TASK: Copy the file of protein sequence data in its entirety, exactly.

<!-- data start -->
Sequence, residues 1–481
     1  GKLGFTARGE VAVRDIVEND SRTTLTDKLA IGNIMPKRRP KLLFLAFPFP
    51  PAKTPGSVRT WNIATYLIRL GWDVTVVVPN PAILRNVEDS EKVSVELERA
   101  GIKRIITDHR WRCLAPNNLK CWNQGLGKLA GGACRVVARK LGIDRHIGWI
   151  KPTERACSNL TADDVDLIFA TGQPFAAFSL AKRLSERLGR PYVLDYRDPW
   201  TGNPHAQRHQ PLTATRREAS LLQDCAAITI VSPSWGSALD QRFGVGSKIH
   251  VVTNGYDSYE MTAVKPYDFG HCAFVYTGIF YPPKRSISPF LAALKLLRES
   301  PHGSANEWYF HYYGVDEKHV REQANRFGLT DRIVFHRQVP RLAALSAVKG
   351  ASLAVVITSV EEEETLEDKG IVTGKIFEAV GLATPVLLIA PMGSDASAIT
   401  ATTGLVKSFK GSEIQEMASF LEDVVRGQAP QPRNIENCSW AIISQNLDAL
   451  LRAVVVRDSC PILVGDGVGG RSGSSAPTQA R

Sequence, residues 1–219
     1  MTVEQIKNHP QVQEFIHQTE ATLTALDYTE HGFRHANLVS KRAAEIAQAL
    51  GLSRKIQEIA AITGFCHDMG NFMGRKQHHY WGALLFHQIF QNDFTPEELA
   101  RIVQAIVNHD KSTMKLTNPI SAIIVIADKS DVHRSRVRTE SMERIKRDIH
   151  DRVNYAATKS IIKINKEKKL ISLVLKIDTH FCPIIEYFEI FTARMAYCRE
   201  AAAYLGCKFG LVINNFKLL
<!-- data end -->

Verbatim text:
Sequence, residues 1–481
     1  GKLGFTARGE VAVRDIVEND SRTTLTDKLA IGNIMPKRRP KLLFLAFPFP
    51  PAKTPGSVRT WNIATYLIRL GWDVTVVVPN PAILRNVEDS EKVSVELERA
   101  GIKRIITDHR WRCLAPNNLK CWNQGLGKLA GGACRVVARK LGIDRHIGWI
   151  KPTERACSNL TADDVDLIFA TGQPFAAFSL AKRLSERLGR PYVLDYRDPW
   201  TGNPHAQRHQ PLTATRREAS LLQDCAAITI VSPSWGSALD QRFGVGSKIH
   251  VVTNGYDSYE MTAVKPYDFG HCAFVYTGIF YPPKRSISPF LAALKLLRES
   301  PHGSANEWYF HYYGVDEKHV REQANRFGLT DRIVFHRQVP RLAALSAVKG
   351  ASLAVVITSV EEEETLEDKG IVTGKIFEAV GLATPVLLIA PMGSDASAIT
   401  ATTGLVKSFK GSEIQEMASF LEDVVRGQAP QPRNIENCSW AIISQNLDAL
   451  LRAVVVRDSC PILVGDGVGG RSGSSAPTQA R

Sequence, residues 1–219
     1  MTVEQIKNHP QVQEFIHQTE ATLTALDYTE HGFRHANLVS KRAAEIAQAL
    51  GLSRKIQEIA AITGFCHDMG NFMGRKQHHY WGALLFHQIF QNDFTPEELA
   101  RIVQAIVNHD KSTMKLTNPI SAIIVIADKS DVHRSRVRTE SMERIKRDIH
   151  DRVNYAATKS IIKINKEKKL ISLVLKIDTH FCPIIEYFEI FTARMAYCRE
   201  AAAYLGCKFG LVINNFKLL